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How to Use Evernote as your External Brain


The data stored every day grows at a rate that is four times faster than the global economy!

I will let that sink for a second.

Our appetite for information is far greater than our need for food and even our desire to progress!

And thanks to the digital revolution it is ridiculously easy to generate as well as share data.

So, if you’re like me, most of the inputs you receive from your network circle are digital in nature.

Emails pinging your inbox with updates.

Meeting notes begging your attention.

Instant messages driving home the urgency to respond.

And word documents and spreadsheets overwhelming you with – you guessed it right – more critical information.

BUT All That We Receive Isn’t Actionable

Some of it is just for reference.

Stuff you may need to use in future to assist projects or connect with the right people and solutions.

But given the almost exponential increase in the inputs coming our way, even if all of it isn’t being used right away, simply organizing this data for reference is a major challenge.

As the complexity of our lives grows, our tools need to become more sophisticated and powerful to stay effective.

This is why I ditched my cobbled together set-up and sought a better system to use as my external brain.

After searching for a while, I zeroed in on Evernote. And frankly it’s perfect.

Reasons to Love Evernote:

  • Powerful tagging and search system. The software literally pulls up notes in seconds.
  • Regular feature updates. I don’t need to worry about working with an outdated system. Any time there is a change to the UX or a functionality is augmented, my version of the solution is automatically and seamlessly brought to par.
  • Available on all platforms (PC / Mac / Browser / Mobile Apps). This kind of flexibility makes syncing very effective. I can retrieve and reference information from my laptop, my work PCs and my smartphones or tablets for heightened productivity.

My External Brain: How the Evernote System Works

I could have gone with a very elaborate set-up. But the more I need to think about a system, the more I am “holding in my head”. And as a GTD® practitioner, that doesn’t appeal to me.

So I have come up with something that is simple and logical.

Less is More: Notebooks

I don’t need to have several Notebooks to serve my purpose. I have deleted everything and now work with just two:

** !Inbox (this is where all incoming notes are captured)

** My Notebook (this is where I put all the notes after I have put them through my tagging process)

Notebooks Evernote

Context is Key: Tags

I’ve realized that all the information I receive or generate can be categorized in the context of four descriptors:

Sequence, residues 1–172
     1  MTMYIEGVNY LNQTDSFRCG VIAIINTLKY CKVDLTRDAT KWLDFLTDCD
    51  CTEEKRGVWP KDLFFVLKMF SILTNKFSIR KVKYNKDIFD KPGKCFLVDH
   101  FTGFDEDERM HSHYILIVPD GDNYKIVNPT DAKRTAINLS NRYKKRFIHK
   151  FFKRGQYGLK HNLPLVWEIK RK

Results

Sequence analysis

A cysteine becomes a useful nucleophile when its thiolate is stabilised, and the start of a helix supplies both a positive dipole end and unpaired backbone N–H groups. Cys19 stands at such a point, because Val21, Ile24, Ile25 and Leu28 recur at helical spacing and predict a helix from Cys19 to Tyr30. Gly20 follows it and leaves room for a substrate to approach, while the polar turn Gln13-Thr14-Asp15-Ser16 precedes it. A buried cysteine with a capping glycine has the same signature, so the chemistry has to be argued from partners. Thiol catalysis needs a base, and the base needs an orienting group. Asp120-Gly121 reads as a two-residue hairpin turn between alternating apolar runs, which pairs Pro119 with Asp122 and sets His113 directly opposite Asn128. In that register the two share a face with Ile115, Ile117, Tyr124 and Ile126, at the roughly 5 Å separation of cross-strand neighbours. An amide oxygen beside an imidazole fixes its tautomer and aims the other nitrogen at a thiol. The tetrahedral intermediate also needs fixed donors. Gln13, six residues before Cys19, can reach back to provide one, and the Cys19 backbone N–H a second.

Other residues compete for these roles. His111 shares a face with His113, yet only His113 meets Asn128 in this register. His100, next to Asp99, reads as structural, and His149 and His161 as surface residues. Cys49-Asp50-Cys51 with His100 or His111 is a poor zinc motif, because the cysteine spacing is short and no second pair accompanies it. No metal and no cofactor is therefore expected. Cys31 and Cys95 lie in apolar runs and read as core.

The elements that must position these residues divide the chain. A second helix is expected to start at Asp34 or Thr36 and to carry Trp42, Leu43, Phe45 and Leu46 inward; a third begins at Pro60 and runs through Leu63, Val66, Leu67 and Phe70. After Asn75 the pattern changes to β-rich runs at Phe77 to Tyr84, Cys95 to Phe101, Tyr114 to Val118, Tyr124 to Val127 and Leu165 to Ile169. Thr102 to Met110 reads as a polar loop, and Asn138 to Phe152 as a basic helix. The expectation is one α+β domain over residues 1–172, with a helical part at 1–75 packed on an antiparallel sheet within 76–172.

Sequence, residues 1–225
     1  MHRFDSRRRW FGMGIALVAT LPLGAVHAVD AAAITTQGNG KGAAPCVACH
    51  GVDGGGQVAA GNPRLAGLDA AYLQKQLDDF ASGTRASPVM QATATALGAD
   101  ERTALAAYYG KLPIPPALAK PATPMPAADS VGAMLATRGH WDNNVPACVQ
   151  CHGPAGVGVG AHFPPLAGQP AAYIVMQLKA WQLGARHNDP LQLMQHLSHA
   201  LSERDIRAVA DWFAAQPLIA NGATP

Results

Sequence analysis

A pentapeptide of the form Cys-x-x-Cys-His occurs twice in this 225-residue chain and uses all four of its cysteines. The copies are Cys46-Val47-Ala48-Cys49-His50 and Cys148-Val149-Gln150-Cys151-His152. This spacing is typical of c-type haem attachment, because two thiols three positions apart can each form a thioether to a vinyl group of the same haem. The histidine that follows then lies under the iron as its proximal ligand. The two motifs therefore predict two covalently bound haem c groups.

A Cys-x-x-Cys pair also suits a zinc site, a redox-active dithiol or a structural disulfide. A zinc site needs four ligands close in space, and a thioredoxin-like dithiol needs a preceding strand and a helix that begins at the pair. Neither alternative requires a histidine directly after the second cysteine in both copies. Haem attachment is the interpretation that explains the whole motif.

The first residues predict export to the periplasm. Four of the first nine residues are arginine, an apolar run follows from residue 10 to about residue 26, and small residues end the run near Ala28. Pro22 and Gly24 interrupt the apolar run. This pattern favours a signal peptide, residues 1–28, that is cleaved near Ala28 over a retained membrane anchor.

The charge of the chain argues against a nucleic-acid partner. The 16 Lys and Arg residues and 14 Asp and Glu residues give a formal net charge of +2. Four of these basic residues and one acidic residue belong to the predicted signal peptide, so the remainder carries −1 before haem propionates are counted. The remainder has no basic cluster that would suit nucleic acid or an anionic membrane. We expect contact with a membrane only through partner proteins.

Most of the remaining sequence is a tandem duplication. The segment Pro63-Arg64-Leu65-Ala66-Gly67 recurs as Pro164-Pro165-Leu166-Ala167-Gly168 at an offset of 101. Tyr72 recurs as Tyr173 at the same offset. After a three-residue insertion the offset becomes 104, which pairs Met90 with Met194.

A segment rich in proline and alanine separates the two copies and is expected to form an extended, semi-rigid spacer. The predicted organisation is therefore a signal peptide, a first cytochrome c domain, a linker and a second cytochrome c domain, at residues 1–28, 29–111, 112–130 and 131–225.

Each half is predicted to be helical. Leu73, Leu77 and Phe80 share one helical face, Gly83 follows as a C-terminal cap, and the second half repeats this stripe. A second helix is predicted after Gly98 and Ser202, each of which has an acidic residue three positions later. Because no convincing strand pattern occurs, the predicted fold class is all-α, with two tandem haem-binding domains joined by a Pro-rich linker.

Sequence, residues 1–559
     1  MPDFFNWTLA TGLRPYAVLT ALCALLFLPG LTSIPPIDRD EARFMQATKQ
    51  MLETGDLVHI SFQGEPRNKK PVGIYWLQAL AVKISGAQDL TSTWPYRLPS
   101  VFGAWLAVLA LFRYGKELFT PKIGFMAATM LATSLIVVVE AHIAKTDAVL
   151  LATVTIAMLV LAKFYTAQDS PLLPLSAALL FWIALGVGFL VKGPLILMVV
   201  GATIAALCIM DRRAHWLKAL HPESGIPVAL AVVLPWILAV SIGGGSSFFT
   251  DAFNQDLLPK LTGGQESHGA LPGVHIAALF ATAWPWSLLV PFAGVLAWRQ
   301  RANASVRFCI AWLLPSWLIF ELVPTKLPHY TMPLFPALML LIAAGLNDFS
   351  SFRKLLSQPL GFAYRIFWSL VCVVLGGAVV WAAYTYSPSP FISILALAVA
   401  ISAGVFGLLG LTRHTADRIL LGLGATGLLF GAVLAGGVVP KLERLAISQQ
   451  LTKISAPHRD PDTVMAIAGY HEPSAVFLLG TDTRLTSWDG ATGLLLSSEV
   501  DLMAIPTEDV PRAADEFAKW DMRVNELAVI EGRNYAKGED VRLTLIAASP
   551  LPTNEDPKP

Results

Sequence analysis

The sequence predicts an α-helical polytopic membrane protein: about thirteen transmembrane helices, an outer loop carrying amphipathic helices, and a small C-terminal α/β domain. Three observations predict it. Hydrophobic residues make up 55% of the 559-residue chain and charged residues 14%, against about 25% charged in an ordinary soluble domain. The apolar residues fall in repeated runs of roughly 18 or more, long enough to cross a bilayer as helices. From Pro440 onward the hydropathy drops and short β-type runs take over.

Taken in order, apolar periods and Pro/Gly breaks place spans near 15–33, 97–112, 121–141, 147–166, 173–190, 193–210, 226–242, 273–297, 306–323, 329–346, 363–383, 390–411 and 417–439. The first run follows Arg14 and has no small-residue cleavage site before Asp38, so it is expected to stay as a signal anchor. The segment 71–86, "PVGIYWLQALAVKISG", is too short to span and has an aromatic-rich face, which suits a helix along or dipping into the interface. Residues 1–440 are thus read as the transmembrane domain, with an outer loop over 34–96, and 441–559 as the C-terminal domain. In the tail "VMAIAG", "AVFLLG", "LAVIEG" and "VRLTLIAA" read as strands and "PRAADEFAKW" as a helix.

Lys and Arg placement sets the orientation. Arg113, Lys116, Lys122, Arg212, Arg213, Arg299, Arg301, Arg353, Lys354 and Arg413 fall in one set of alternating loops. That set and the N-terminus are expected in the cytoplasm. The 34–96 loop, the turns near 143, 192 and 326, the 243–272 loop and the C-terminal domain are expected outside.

Topic (What is the piece of information about?)

Entity (The Person or Organization that has generated the information or will receive it)

DocType (Document Type –  Photo, Meeting Notes, Email Draft, Video)

Project (A Project is an endeavour that requires several steps to complete. Information I receive or create generally pertains to one of the several projects I am involved with at a particular point of time. It can be our GTD Workshops or our next Sufi Comic)

So every time I create a note, I ask myself,

What is This About?”

The answer without fail contains one or all of the descriptors I have discussed above. It is generally a one-liner that goes something like:

This is a [^doc-type] on [#topic] for/by [@entity] regarding [.Project]

To further structure the system and really set the descriptors apart, I have also assigned a special character to each:

# (for topics)

^ (for DocType)

@ (for an Entity)

. (for a Project)

Here are some examples of how I tag notes:

This is an [^email draft] for [@DavidAllen]

This is a [^check-list] for [.GTDWorkshop]

This is a [^comic script] for [.40 Sufi Comics]

This is a [^Web Clipping] on [#Procrastination] for [.GTD]

A word of caution.

Over time the number of tags under each descriptor (or context) will grow. So it is better to create a new tag only for the projects or entities or topics that you are fairly confident will gather more than ten notes.

It is all about priorities.

Here’s a limited screenshot of my tagging set-up. 

Tags Evernote

If you want to deepen your understanding of tags and the workflow, this blog is a great resource.

Why This System Works So Well and Using It

I think the beauty of the set-up lies in its simplicity. I just need to ask myself one question to retrieve any type of information:  

What Do I Want?”

The answer is a combination of topic, document type, project or entity. I simply put the first tag that comes to mind into the search bar.

The great thing is that I just need to get one right – for it to show me the note that I’m looking for.

To start using this system:

  1. Download Evernote
  2. Create two notebooks “!Inbox” and “My Notebook
  3. Make “!Inbox” your default notebook. This is where you’re going to capture all your incoming notes
  4. Organize your tags by descriptors
  5. Once a week bring your Evernote “!Inbox” to zero by categorizing its contents with the appropriate tags and moving the notes to “My Notebook”
  6. Anytime you want to search for a note, use shortcut Ctrl+Q and type the descriptor that comes to mind

It literally can’t get easier than this.

Once you start trusting the fact that you have a reliable external brain and your creative human brain doesn’t have to act as a filing cabinet, you experience freedom.

Information becomes beautiful again instead of overwhelming you with its sheer volume.

Try it!

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